A cap on household energy bills is set to be included in the Conservative manifesto, a cabinet minister has said.
According to the Sunday Times the plans could cut gas and electricity costs by £100 a year for 17 million families.
Work and Pensions Secretary Damian Green told ITV people felt “taken advantage of” by energy firms.
Labour said the plan should be taken with “a pinch of salt”, while price comparison company uSwitch said it would “do more harm than good”.
The wider energy industry has reacted with scepticism to the plan, saying a price cap could have a negative impact on competition and lead to higher prices.
Manifesto pledges take shape
The manifesto pledge would outline plans to cap bills for seven out of 10 households paying standard variable tariffs, which are often criticised as bad deals for consumers by industry watchdogs.
It follows the introduction of a cap for households using pre-payment meters early this month, after the Competition and Markets Authority released a report saying customers were overpaying by £1.4bn.
Mr Green told the Peston on Sunday programme: “There will be a lot about energy policy in the manifesto [and] obviously there will be more detail.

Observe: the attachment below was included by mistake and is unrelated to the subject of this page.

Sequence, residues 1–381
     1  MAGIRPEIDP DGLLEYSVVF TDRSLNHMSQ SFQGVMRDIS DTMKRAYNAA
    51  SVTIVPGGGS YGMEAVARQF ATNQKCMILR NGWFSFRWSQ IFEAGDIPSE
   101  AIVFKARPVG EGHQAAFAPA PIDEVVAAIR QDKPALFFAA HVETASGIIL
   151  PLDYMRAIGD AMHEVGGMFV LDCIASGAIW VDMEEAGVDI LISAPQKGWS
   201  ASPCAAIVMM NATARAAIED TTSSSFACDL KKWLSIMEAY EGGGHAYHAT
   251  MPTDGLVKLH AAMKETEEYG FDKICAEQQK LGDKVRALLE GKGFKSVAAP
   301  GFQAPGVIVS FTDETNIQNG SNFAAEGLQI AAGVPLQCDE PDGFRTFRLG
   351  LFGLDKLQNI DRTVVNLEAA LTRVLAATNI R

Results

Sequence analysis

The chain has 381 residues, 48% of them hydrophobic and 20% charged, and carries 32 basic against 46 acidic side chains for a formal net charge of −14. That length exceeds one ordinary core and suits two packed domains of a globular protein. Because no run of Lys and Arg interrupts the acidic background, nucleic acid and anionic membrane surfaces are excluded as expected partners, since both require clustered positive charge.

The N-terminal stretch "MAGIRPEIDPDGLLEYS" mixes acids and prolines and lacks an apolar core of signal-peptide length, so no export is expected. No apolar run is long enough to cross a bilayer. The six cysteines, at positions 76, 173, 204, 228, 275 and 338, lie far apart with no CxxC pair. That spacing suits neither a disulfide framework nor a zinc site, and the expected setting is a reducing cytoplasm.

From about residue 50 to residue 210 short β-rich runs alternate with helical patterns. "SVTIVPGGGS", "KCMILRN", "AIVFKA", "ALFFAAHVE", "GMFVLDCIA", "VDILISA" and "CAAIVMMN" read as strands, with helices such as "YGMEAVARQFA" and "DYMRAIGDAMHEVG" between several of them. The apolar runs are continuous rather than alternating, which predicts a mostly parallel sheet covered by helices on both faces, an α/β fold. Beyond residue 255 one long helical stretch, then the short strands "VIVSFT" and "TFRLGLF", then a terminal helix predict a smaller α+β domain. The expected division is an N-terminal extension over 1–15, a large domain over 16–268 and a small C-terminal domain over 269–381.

“But… I think that people feel that some of the big energy companies have taken advantage of them with the tariffs they have got.”
Mr Green said his party’s promise on energy bills was not the same as Labour’s 2015 election pledge to freeze gas and electricity bills for every home and business in the UK for 20 months.
“But Scottish Power, one of the “Big Six” energy firms, told the BBC that the move would “stop competition” and “damage customers in the long run”.
Shares in energy firms were hit by the proposed price cap.
British Gas owner Centrica closed down 3.5% and SSE fell 1.9%, although both stocks had been lower earlier in the day.
Labour said the proposal should be taken with “a pinch of salt”, adding that energy bills had “soared” under a Conservative government.
Energy companies react
The energy industry has reacted with scepticism to the plan, saying it could lead to higher prices.
Speaking to the BBC, Scottish Power’s chief corporate officer, Keith Anderson, said: “If you put a cap on prices, you actually stop competition. That’s the danger of price intervention.”
When companies do not compete as much, that tends to lead to fewer benefits for customers, he said.
He added that if the Conservatives did intervene, it would be better if they abolished standard variable tariffs.
Defence Secretary Sir Michael Fallon defended the Conservative’s intention to impose a cap on energy prices.
“We wanted to see more competition, we wanted to see more people able to switch between energy users,” Sir Michael told the BBC.
“That over the last three or four years has not happened. This is a market that is not working perfectly and therefore we are intervening to make markets work better,” he added.
Co-leader of the Green Party Jonathan Bartley said the policy did not go far enough and he wanted more local choices of supplier for consumers.
But trade association body Energy UK said a cap could risk “billions in investment and jobs”.
British Gas parent firm Centrica and fellow supplier E.On have both said market competition is essential.
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